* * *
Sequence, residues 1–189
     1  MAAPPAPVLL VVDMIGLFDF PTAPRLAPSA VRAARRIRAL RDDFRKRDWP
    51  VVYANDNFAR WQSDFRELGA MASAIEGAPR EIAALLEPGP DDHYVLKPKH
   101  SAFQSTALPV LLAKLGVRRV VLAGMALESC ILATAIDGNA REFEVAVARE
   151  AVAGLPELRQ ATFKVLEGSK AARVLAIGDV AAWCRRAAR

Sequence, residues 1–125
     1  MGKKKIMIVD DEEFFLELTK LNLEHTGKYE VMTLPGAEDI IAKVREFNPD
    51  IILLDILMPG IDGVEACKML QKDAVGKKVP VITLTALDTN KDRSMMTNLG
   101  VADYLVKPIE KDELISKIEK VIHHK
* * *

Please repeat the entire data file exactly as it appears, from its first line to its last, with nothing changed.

Sequence, residues 1–189
     1  MAAPPAPVLL VVDMIGLFDF PTAPRLAPSA VRAARRIRAL RDDFRKRDWP
    51  VVYANDNFAR WQSDFRELGA MASAIEGAPR EIAALLEPGP DDHYVLKPKH
   101  SAFQSTALPV LLAKLGVRRV VLAGMALESC ILATAIDGNA REFEVAVARE
   151  AVAGLPELRQ ATFKVLEGSK AARVLAIGDV AAWCRRAAR

Sequence, residues 1–125
     1  MGKKKIMIVD DEEFFLELTK LNLEHTGKYE VMTLPGAEDI IAKVREFNPD
    51  IILLDILMPG IDGVEACKML QKDAVGKKVP VITLTALDTN KDRSMMTNLG
   101  VADYLVKPIE KDELISKIEK VIHHK